The Twins, they do things differently. One veteran player still can’t believe that the team essentially fired bench coach Scott Ulger and hitting coach Joe Vavra at the end of last season … then turned around and made Ulger the first-base coach and Vavra the third-base coach.
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Hey, this is an outfit that fired Bill Smith as general manager after the 2011 season … then rehired him as a special assistant one month later.
With most organizations, when you’re gone, you’re gone. But the Twins are more loyal than most organizations, which is why their refusal to award manager Ron Gardenhire a contract extension is so curious.
The party line, one embraced by even Gardenhire as he enters the final year of his current deal, is that a manager doesn’t merit an extension coming off back-to-back seasons of 99 and 96 losses. Fair enough, except for one thing: The team’s decline isn’t Gardenhire’s fault, and another season of 95-plus losses — which is entirely possible — won’t be his fault, either.
No, the decline is attributable to a number of factors — a failure to develop pitching, injuries to catcher Joe Mauer and first baseman Justin Morneau, the defections of key relievers after the 2010 season, the losses of high-character types such as outfielder Michael Cuddyer.
So, what happens if the Twins stumble again? Do they fire Gardenhire because, well, someone has to be accountable? That, after all, is the message the team sent when it allowed Gardenhire to become a lame duck and dismissed or re-assigned every coach but pitching coach Rick Anderson
GM Terry Ryan, in an interview with Jim Souhan of the Minneapolis Star-Tribune, recently said that he and Gardenhire are “joined at the hip.” What does that mean? Another disappointing season, and both of them are gone?
Such a decision, which would be the call of ownership, would be absurdly short-sighted — particularly at a time when the Twins, with help from two trades that Ryan made this offseason, finally show signs of reversing course.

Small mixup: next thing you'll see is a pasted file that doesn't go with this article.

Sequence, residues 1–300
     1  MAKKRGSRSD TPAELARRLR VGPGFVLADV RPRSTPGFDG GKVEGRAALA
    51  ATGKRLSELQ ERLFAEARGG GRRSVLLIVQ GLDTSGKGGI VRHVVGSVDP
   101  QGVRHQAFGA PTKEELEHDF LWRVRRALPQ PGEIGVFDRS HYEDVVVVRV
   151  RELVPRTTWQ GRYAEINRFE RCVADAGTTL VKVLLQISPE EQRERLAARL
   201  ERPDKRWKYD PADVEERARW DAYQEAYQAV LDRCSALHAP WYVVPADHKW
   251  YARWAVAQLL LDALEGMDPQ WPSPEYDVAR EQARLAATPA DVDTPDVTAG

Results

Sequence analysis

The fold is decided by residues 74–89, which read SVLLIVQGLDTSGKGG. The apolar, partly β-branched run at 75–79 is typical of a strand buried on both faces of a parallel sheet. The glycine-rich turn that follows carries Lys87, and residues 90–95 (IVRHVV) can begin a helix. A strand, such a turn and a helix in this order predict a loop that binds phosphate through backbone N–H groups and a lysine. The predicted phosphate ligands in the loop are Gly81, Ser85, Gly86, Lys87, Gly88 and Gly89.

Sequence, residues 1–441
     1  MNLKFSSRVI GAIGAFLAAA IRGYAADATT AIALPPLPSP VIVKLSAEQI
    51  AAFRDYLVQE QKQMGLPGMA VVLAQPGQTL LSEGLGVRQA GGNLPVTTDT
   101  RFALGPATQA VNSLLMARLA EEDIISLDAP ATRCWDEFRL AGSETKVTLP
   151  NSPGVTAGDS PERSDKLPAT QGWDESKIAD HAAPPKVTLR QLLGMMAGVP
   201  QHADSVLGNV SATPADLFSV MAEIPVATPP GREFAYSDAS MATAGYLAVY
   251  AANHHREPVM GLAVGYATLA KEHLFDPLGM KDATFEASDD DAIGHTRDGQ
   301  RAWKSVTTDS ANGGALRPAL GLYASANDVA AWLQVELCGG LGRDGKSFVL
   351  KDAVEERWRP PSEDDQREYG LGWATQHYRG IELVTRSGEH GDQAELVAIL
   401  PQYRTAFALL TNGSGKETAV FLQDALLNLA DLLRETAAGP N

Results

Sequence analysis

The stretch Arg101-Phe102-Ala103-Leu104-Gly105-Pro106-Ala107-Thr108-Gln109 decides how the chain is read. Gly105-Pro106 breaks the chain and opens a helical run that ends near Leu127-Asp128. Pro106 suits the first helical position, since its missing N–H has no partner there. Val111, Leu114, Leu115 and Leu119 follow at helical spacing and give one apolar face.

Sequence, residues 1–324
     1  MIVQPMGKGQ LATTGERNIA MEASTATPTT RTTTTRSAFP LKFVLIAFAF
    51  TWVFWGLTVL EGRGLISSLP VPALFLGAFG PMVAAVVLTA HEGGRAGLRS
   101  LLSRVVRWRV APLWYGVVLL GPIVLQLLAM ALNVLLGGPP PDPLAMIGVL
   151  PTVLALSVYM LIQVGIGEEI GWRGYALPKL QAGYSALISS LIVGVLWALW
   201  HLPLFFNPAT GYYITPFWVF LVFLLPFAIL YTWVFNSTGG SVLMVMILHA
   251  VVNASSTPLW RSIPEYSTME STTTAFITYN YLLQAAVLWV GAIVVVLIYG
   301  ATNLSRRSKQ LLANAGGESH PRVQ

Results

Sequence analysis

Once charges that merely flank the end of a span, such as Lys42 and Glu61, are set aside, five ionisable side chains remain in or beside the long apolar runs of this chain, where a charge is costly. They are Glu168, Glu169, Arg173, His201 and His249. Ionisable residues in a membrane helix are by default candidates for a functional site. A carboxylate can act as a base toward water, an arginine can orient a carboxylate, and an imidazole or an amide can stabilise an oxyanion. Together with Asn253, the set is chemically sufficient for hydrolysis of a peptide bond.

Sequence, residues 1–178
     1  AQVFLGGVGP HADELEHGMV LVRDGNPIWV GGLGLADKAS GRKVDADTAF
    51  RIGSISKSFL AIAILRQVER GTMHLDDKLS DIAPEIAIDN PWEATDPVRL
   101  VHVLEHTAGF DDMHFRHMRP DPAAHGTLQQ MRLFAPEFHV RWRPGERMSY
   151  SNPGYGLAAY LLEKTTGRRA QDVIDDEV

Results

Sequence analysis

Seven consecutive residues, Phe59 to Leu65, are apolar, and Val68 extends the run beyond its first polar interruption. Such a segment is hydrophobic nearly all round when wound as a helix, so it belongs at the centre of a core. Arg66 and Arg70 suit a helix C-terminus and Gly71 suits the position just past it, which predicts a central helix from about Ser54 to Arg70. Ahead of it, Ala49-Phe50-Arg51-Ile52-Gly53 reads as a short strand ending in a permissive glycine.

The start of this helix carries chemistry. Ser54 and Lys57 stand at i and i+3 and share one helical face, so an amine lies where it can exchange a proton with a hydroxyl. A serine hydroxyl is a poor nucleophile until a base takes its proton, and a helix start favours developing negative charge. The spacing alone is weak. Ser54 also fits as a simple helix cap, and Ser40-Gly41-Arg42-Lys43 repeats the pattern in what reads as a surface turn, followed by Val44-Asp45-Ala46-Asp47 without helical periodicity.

It’s not going to happen in 2013, not with a rotation fronted by lefty Scott Diamond, who will open the season on the DL, and righties Mike Pelfrey, Vance Worley and Kevin Correia. But there is ample young talent coming, starting with Aaron Hicks, who has all but won the center-field job.
Start with the pitchers.
Right-hander Kyle Gibson is working his way back from Tommy John surgery. Righty Alex Meyer was the return for center fielder Denard Span; Worley and Trevor May for outfielder Ben Revere. A number of other pitchers — righty Michael Tonkin, righty J.O. Berrios — also qualify as legitimate prospects.
In most of those cases, we’re not talking about modestly sized, low-velocity strike-throwers in the traditional Twins mold. We’re talking about arms, big arms, the kind that have been missing in Minnesota for too long.
“It was kind of amazing when we went out with just pitchers and catchers at the start of spring training,” Gardenhire said. “We put one group together and the average size was 6-3, 6-4, even taller. You’re looking up at pitchers and going, ‘Wow, this could be entertaining.’ Then watching them grab the ball and throw it on a (downward) angle, that was fun. That was a lot of fun.”
And the Twins’ young position players might be even more intriguing.
Both third baseman Miguel Sano and outfielder Byron Buxton rank among the game’s top 10 prospects, according to some analysts. Outfielder Oswaldo Arcia usually is listed among the top 50. Second baseman/outfielder Eddie Rosario is yet another youngster with significant promise.
I mentioned to Gardenhire recently that it might be a good thing to be the Twins’ manager in two or three years, seeing as how that guy is going to look awfully smart.
“That would be a good thing for anybody — especially me,” he said, chuckling.
Gardenhire, 55, is not going to lobby on his own behalf — it’s not his style, and he actually seems to believe that he doesn’t merit anything more than lame-duck status, even though he led the Twins to the postseason six times in a nine-year stretch from 2002 to ’10.
It would be one thing if the team needed a new voice — the Red Sox’s rationale, however dubious, for parting with Terry Francona after the 2011 season. But such is not the case with the Twins. Gardenhire’s greatest strength is the way he communicates with players.
Even the Baseball Prospectus annual, a sabermetric publication that in the past tended to dismiss intangibles, acknowledged that while Gardenhire is not “some kind of tactical genius,” he “excels in the clubhouse, where he remains popular and has successfully minimized squabbles among players” and “deserves recognition for that.”
I don’t want to be too hard on the Twins — too often people in baseball lack accountability, so it’s difficult to criticize a club for holding employees responsible. On the other hand, this is all sort of silly. The Twins are foolish to even risk Gardenhire becoming a free agent, particularly when so many managers are entering the final years of contracts.
Such an outcome still seems far-fetched, given Gardenhire’s popularity in the Twin Cities. But know this: If the Twins allowed Gardenhire to depart, he’d probably be unemployed for about 10 minutes. And they’d probably spend 10 years trying to find another like him.